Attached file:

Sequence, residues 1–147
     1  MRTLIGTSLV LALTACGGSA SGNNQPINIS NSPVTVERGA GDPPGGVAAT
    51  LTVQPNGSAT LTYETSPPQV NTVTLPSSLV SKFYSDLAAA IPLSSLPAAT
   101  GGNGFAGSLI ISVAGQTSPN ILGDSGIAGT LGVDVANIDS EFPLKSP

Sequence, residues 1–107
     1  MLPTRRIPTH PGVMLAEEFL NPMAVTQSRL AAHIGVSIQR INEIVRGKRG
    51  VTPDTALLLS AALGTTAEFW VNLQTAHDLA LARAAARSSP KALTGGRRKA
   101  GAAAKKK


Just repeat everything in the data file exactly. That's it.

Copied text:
Sequence, residues 1–147
     1  MRTLIGTSLV LALTACGGSA SGNNQPINIS NSPVTVERGA GDPPGGVAAT
    51  LTVQPNGSAT LTYETSPPQV NTVTLPSSLV SKFYSDLAAA IPLSSLPAAT
   101  GGNGFAGSLI ISVAGQTSPN ILGDSGIAGT LGVDVANIDS EFPLKSP

Sequence, residues 1–107
     1  MLPTRRIPTH PGVMLAEEFL NPMAVTQSRL AAHIGVSIQR INEIVRGKRG
    51  VTPDTALLLS AALGTTAEFW VNLQTAHDLA LARAAARSSP KALTGGRRKA
   101  GAAAKKK